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 50 Years/50 Artworks      

Introduction

Very often, artworks are about, or respond to, particular people and places. Historically, only the most significant places, events and people were depicted in artworks - deities and religious stories, rulers and leaders, wars and political events. Of course, this was because artworks were usually commissioned by religious bodies, governments, and by those with wealth and influence. For thousands of years, artists did not determine their own subjects, but were primarily viewed as tradesmen, merely painting or sculpting the subjects demanded of them. Over the past two-hundred years, in the relatively brief period we call “modern,” it became more and more common for artists to choose their own subjects. Accordingly, subjects for art started to include depictions of everyday life, as well as subjects critical of leaders, governments, and other authoritative entities.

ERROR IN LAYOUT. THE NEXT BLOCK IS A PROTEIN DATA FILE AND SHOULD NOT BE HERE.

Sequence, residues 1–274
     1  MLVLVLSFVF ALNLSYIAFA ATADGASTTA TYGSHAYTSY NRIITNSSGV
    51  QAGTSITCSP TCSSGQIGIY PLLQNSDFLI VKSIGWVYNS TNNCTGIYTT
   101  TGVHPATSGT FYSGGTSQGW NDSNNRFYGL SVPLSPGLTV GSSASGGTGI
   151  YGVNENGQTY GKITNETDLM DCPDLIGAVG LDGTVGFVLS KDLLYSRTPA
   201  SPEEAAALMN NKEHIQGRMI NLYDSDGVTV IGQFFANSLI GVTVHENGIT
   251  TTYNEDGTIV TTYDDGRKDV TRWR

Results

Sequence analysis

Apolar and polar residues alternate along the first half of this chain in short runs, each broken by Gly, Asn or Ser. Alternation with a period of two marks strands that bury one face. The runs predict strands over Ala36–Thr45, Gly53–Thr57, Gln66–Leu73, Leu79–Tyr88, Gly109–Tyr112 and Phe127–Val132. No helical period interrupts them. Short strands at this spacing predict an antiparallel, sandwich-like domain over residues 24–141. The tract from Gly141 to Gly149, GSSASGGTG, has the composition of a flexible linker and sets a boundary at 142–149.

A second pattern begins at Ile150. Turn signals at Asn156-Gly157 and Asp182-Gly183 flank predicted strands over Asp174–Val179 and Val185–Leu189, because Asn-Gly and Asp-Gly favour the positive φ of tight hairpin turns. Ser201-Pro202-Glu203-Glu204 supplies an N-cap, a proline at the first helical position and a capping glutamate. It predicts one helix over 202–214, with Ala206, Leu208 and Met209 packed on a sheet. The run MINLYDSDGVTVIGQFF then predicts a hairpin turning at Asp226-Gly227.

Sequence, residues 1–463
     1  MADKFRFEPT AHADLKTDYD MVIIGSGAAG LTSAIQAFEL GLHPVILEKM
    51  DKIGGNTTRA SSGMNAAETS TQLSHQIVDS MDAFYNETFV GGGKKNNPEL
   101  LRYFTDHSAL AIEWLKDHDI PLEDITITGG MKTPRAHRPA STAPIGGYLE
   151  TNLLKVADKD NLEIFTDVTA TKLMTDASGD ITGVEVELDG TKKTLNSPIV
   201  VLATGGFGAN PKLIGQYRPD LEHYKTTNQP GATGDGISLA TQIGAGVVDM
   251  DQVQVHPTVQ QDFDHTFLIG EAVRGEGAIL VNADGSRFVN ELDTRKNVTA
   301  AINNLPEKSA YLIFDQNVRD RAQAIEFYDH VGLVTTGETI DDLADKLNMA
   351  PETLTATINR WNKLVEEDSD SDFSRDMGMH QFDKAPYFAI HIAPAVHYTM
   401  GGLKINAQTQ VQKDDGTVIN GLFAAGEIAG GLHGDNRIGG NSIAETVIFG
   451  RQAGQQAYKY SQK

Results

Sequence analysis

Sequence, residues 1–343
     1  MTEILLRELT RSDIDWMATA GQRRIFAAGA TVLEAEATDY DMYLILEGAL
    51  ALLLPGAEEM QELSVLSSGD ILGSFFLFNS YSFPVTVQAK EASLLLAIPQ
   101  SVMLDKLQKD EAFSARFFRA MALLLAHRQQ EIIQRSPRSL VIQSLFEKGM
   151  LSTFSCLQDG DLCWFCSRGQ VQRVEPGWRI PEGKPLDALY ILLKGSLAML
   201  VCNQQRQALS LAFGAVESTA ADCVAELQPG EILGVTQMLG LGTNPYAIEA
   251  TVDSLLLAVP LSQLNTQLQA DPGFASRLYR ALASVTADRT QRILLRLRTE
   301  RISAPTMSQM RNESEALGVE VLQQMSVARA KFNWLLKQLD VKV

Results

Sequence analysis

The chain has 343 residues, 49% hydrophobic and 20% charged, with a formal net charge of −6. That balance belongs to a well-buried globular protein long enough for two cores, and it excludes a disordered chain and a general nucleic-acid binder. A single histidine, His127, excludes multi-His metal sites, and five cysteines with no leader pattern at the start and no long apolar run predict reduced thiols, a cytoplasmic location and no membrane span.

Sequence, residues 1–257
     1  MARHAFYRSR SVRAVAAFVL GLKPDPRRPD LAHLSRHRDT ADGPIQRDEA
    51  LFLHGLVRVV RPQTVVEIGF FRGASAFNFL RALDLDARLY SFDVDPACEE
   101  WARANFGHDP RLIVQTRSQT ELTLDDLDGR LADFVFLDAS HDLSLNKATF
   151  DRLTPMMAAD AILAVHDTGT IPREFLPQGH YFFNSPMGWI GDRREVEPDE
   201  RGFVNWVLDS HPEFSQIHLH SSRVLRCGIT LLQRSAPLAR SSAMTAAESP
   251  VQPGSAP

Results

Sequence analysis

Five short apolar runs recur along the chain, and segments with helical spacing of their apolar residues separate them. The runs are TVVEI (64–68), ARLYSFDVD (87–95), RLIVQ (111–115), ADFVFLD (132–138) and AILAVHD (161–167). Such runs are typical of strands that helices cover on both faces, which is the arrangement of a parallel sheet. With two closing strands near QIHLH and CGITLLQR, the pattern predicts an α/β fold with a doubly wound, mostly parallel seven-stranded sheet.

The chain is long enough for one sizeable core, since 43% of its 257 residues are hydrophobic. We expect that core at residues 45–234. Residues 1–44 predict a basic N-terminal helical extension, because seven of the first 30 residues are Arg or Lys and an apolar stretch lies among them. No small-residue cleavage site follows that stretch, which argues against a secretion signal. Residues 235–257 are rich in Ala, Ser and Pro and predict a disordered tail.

Artists often ask us to pay particular attention to the importance of people and places as themes in art. The artist provides many clues about the subject, and it is up to us to interpret the clues, by connecting them with our own experience and knowledge. Does the artist show us signs of a particular time in history or a particular place? Who are the people in the artwork? Are they children or adult, rich or poor, identifiable or anonymous? We use our knowledge about people's lifestyles, occupations, and cultural backgrounds, as well as information we know about nature, geography, the seasons, and weather to answer these and other questions. As we do, we create a “dialogue” with the work of art, and discover more and more meaning in it.

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